It is unfortunate that one of your friends had loose lips regarding your diagnosis. And screw the perks. We are all allowed to deal with bc/mbc how we want and not be pressured or judged by others. So you have to assert yourself. Your choices deserve respect. Too often, people feel women can't make the right choices on their own. But we are tough. We are intelligent. We are capable of deciding what are the right choices for ourselves.
Dec 13, 2018 06:52AM gonegirl wrote:
Is there a like button here? I want to like what you just wrote, divinemrsm
Dec 13, 2018 11:35AM jobur wrote:
I am a private person and like you, have chosen to share my dx with only close family and friends. I also had a couple people I trusted share my dx with others (who of course, had to share with others too). I have run into people who I did not tell who obviously have heard, and their reactions solidify my reasons for keeping quiet.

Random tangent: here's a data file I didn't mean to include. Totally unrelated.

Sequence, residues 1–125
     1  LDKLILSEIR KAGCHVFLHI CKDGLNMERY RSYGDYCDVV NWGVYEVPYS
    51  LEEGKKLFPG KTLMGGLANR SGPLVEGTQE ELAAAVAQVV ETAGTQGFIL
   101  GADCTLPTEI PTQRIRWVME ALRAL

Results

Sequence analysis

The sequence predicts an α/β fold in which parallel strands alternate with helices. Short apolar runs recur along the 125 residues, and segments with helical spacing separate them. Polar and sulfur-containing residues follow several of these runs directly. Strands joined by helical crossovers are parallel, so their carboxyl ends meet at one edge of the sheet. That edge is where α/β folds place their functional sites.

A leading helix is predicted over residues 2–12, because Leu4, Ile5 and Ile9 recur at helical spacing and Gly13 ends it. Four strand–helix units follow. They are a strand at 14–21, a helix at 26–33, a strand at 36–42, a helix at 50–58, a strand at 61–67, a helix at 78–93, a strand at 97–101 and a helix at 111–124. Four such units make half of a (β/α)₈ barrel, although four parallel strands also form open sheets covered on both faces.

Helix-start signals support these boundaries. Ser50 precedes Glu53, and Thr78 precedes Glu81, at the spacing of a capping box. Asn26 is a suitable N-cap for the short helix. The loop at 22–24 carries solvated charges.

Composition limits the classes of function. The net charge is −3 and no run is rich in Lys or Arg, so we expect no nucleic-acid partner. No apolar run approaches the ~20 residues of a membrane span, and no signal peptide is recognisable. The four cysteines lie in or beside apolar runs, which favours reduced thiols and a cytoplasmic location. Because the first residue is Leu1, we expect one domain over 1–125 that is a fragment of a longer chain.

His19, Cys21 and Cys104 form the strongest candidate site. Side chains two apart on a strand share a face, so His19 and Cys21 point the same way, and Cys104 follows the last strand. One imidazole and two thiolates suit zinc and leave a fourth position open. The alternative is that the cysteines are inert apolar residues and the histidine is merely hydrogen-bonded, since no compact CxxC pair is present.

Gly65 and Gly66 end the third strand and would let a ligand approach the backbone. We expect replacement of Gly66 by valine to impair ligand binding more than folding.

As for your friend who thinks you are missing out on "perks", are you kidding? Free make-up or t shirts or whatever don't come close to the perk of leading a nearly normal life.
When I was dx'd 4 years ago, my MO (to whom English is a 2nd language) told me she had one patient who was an "odd ball" because she lived with mbc for 15 years.
So let's be odd balls!
Dec 13, 2018 01:33PM LoveFromPhilly wrote:
Hi - very good topic!
I am an incredibly social person (some would say an extrovert - with serious introvert needs which I nurture). When I received my de novo MBC diagnosis last year in April I ended up deciding it was important to let EVERY one of my closest 40 friends know about my diagnosis. I was/am both glad and not glad I did that. One friend told another, and then another, and then next thing I knew, people were writing sympathetic and "fight fight fight" messages on my facebook page. I was super duper annoyed and had talks with multiple friends asking them to be more considerate that I shared this with them, albeit a lot of friends, but did not mean that I wanted it to be fully public. A tricky line! I run my own medical practice and have a very "in the spotlight" family.